The Fed’s key inflation gauge rose 0.6% in January, greater than anticipated

A measure the Federal Reserve is watching closely to measure inflation rose more-than-expected in January, suggesting the central bank still needs to do more to cut prices.

The price index of personal consumption spending excluding food and energy rose 0.6% for the month and 4.7% year-on-year, the Commerce Department reported on Friday. Wall Street had expected corresponding readings of 0.5% and 4.4%.

Including the volatile food and energy components, headline inflation rose by 0.6% and 5.4% respectively.

Markets fell after the report, with futures tied to the Dow Jones Industrial Average shedding more than 300 points.

Consumer spending also rose more-than-expected as prices rose, rising 1.8% for the month versus a 1.4% estimate. Personal income rose 1.4%, beating the 1.2% estimate. The personal savings rate also rose to 4.7%.

All the numbers are pointing to inflation accelerating at the start of the new year, putting the Fed in a position where it is likely to hike interest rates further. The central bank has hiked interest rates by 4.5 percentage points since March 2022, when inflation hit its highest level in about 41 years.

The Fed tracks the PCE readings more closely than some of the other inflation measures because the index adjusts to consumer spending habits, e.g. B. by replacing more expensive goods with cheaper ones. This gives a more accurate overview of the cost of living.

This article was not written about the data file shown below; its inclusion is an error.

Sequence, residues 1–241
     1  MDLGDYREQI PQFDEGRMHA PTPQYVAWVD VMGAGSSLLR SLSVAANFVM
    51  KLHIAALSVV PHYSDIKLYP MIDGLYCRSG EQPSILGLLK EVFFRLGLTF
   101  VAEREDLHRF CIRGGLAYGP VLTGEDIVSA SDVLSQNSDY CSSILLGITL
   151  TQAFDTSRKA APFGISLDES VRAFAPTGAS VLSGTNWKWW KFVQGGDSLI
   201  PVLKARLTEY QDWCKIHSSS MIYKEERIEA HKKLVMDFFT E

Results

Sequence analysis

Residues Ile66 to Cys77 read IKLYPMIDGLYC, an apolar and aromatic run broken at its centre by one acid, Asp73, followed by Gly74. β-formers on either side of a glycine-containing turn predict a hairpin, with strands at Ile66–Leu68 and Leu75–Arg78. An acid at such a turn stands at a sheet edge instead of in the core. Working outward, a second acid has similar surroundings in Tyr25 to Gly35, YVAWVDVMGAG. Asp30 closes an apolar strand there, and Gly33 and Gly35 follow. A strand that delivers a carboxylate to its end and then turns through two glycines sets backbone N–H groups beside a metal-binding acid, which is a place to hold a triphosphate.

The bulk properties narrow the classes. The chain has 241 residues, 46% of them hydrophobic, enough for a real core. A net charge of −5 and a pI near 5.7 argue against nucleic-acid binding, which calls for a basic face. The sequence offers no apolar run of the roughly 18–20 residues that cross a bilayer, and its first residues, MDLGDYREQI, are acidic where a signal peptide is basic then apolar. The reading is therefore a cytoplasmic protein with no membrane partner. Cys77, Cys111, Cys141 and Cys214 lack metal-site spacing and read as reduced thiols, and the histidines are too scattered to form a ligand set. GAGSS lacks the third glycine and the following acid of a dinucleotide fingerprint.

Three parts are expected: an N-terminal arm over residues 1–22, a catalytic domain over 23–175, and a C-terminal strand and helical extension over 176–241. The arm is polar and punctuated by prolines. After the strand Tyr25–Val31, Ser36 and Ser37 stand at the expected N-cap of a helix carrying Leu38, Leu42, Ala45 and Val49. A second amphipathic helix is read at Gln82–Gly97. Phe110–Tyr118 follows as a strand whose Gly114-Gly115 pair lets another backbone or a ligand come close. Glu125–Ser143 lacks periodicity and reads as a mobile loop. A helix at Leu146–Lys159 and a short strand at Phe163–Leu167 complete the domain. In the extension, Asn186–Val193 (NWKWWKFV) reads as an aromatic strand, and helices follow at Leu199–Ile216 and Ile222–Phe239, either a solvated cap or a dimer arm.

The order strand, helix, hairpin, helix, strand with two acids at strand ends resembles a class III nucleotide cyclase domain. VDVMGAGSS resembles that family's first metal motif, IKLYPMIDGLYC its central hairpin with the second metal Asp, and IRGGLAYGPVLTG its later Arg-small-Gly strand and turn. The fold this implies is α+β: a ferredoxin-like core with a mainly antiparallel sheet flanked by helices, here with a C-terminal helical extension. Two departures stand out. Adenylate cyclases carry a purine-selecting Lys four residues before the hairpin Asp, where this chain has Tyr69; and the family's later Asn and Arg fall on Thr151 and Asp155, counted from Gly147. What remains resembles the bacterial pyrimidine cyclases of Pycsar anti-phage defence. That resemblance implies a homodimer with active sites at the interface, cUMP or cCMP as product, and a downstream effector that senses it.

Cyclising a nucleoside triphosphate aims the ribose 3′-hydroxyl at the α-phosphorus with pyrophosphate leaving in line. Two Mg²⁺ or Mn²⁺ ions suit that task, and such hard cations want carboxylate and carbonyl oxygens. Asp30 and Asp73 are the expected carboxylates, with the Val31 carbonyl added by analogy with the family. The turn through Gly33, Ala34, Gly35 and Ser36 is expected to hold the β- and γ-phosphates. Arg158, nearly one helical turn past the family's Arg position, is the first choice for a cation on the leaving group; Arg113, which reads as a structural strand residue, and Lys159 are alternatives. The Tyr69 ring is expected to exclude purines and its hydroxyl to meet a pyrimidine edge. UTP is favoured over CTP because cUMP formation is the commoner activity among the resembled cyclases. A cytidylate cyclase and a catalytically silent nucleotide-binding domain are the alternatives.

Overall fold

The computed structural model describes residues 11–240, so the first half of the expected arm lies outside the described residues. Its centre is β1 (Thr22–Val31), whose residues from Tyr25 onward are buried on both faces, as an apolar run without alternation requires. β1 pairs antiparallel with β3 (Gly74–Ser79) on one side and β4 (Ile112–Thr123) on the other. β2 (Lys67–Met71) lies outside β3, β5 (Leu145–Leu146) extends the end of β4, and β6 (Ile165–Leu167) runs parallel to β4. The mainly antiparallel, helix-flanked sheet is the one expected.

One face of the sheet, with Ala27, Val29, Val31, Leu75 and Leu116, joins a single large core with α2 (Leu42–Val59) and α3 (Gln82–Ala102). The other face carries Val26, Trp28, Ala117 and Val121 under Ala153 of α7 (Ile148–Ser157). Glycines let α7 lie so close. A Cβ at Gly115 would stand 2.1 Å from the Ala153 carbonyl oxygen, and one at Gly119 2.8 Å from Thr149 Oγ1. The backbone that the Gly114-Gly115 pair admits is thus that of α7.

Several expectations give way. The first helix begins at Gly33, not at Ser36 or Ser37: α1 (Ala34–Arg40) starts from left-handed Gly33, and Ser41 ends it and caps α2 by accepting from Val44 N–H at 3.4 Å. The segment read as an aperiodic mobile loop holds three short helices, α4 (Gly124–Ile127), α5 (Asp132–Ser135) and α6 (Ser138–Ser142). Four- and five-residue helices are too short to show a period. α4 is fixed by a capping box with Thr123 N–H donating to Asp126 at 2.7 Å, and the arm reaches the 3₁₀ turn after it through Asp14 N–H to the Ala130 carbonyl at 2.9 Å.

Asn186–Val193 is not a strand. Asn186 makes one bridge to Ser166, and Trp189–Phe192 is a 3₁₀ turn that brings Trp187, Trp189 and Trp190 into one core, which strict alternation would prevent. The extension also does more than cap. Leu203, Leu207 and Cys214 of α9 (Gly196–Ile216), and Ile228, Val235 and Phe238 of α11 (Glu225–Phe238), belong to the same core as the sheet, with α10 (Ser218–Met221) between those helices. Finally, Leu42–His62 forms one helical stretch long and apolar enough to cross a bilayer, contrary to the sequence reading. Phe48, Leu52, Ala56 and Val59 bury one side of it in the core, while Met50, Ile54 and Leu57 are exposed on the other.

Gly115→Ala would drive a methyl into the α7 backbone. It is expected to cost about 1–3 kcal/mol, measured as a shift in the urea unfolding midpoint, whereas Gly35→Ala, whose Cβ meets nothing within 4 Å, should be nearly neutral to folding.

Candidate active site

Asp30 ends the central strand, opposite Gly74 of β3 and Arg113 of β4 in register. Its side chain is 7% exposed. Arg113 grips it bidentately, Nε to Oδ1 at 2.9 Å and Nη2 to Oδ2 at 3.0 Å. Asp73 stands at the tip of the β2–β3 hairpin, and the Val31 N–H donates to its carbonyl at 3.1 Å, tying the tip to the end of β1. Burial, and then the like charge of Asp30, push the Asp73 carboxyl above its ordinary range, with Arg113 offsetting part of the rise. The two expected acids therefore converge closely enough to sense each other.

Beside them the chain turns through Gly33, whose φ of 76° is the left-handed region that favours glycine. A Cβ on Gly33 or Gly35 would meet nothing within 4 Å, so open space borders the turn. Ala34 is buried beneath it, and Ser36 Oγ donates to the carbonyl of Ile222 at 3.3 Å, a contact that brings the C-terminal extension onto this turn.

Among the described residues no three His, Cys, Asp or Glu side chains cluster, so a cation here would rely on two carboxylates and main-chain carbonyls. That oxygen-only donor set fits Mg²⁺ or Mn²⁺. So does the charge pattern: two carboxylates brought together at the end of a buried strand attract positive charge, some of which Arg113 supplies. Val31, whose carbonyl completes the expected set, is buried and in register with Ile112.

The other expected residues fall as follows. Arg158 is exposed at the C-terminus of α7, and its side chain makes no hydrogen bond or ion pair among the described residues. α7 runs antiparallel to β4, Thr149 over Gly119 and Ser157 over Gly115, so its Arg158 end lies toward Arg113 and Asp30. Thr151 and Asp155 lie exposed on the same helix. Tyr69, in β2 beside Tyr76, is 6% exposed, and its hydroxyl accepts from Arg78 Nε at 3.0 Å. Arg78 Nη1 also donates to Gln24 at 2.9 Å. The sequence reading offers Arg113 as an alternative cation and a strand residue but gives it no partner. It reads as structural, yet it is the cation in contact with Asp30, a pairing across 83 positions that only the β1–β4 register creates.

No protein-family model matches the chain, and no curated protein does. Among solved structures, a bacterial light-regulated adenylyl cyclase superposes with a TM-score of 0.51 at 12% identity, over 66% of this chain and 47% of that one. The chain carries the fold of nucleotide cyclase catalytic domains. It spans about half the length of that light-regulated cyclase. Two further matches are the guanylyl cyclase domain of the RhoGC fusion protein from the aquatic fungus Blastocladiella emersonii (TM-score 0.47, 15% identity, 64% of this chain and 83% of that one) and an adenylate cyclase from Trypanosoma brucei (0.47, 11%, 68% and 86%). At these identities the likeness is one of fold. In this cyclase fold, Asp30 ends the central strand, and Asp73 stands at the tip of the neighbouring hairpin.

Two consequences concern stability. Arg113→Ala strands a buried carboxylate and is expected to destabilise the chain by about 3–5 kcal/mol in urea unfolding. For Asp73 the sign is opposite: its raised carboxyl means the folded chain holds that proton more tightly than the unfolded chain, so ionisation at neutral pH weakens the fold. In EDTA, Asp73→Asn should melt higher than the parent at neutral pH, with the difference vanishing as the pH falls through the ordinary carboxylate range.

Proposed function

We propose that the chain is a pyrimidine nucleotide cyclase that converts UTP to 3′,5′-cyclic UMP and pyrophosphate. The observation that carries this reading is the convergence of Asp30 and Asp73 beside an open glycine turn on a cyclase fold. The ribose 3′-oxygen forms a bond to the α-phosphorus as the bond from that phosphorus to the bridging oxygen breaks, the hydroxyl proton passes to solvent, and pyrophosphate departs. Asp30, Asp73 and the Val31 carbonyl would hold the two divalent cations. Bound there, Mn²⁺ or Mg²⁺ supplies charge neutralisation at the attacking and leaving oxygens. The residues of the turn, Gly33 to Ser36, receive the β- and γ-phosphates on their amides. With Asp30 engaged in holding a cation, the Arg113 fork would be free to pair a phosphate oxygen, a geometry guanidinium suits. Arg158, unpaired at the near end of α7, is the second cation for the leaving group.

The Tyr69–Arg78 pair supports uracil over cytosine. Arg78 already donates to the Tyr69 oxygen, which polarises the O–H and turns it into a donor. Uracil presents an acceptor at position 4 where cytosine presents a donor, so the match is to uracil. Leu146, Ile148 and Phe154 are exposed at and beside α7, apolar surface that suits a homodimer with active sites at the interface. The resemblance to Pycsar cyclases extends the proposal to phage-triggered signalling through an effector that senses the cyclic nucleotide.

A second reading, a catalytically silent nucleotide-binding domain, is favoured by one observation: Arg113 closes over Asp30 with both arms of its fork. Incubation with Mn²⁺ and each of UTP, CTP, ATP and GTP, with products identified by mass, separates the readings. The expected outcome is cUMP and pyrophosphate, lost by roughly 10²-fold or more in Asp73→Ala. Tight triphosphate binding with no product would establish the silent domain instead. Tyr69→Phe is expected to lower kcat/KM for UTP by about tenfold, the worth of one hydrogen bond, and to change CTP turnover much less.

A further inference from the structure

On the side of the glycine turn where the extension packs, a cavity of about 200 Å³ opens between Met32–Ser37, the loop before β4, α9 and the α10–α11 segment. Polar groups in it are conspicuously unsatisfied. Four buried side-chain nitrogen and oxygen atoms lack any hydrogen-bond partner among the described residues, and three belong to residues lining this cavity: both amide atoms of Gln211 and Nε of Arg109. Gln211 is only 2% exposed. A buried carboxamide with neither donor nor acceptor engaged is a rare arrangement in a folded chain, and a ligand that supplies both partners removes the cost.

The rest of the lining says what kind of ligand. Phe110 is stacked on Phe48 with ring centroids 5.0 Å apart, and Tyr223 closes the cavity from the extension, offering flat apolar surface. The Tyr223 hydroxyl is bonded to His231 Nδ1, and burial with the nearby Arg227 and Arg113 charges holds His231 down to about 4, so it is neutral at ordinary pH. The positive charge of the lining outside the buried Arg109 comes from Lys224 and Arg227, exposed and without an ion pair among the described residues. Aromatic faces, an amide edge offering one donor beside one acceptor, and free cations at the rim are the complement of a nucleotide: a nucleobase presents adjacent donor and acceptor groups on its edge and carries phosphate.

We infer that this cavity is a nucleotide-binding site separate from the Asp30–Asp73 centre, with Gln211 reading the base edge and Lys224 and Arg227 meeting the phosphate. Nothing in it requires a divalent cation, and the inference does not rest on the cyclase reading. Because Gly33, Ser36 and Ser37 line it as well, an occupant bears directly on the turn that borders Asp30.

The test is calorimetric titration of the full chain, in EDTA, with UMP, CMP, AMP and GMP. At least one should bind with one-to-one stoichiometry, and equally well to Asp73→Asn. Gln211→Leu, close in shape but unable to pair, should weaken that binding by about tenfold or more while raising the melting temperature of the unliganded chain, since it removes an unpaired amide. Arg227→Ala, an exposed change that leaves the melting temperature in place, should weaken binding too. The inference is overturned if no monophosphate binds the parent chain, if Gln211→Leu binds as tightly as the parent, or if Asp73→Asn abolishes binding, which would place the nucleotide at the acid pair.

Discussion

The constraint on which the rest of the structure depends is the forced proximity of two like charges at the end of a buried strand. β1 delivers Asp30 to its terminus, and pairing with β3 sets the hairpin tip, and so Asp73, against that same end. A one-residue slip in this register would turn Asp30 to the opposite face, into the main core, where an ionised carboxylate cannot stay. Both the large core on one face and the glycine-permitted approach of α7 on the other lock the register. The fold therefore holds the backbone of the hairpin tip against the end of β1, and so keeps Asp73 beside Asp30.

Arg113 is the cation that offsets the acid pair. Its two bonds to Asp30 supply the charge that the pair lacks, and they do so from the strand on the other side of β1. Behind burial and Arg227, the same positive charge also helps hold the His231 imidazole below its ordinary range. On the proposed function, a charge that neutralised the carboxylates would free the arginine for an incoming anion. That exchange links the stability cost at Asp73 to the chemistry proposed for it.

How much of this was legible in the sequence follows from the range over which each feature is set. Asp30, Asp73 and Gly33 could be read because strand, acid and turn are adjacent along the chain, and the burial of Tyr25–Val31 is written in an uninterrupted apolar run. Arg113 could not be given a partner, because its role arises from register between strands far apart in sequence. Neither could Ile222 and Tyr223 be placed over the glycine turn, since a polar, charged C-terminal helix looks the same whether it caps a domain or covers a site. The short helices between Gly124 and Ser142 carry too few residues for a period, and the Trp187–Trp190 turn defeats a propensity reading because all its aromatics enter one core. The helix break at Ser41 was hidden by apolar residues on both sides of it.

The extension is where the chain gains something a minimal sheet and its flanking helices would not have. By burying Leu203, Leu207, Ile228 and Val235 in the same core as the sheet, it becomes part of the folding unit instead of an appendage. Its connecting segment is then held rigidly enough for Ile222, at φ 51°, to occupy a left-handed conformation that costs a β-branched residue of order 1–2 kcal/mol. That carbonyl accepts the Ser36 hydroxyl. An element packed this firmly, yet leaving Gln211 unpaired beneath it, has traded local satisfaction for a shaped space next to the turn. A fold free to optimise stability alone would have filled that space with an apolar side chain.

Policymakers tend to focus more on core inflation, believing it provides a better long-term view of inflation, although the Fed officially tracks headline PCE.

According to Friday’s report, much of January’s surge in inflation came from a 2% rise in energy prices. Food prices increased by 0.4%. Goods and services both rose 0.6%.

On an annual basis, food prices rose 11.1%, while energy prices rose 9.6%.

Cleveland Fed President Loretta Mester noted in a CNBC interview earlier Friday that some progress has been made but “the level of inflation is still too high.”

As a non-voting member of the rate-setting Federal Open Market Committee, Mester is pushing for more aggressive hikes. She said she was unsure if she would push for another half-point hike at the March FOMC meeting.

After Friday’s data, market prices for the probability of a half-point, or 50 basis point, hike next month rose to about 33%, according to data from CME Group.

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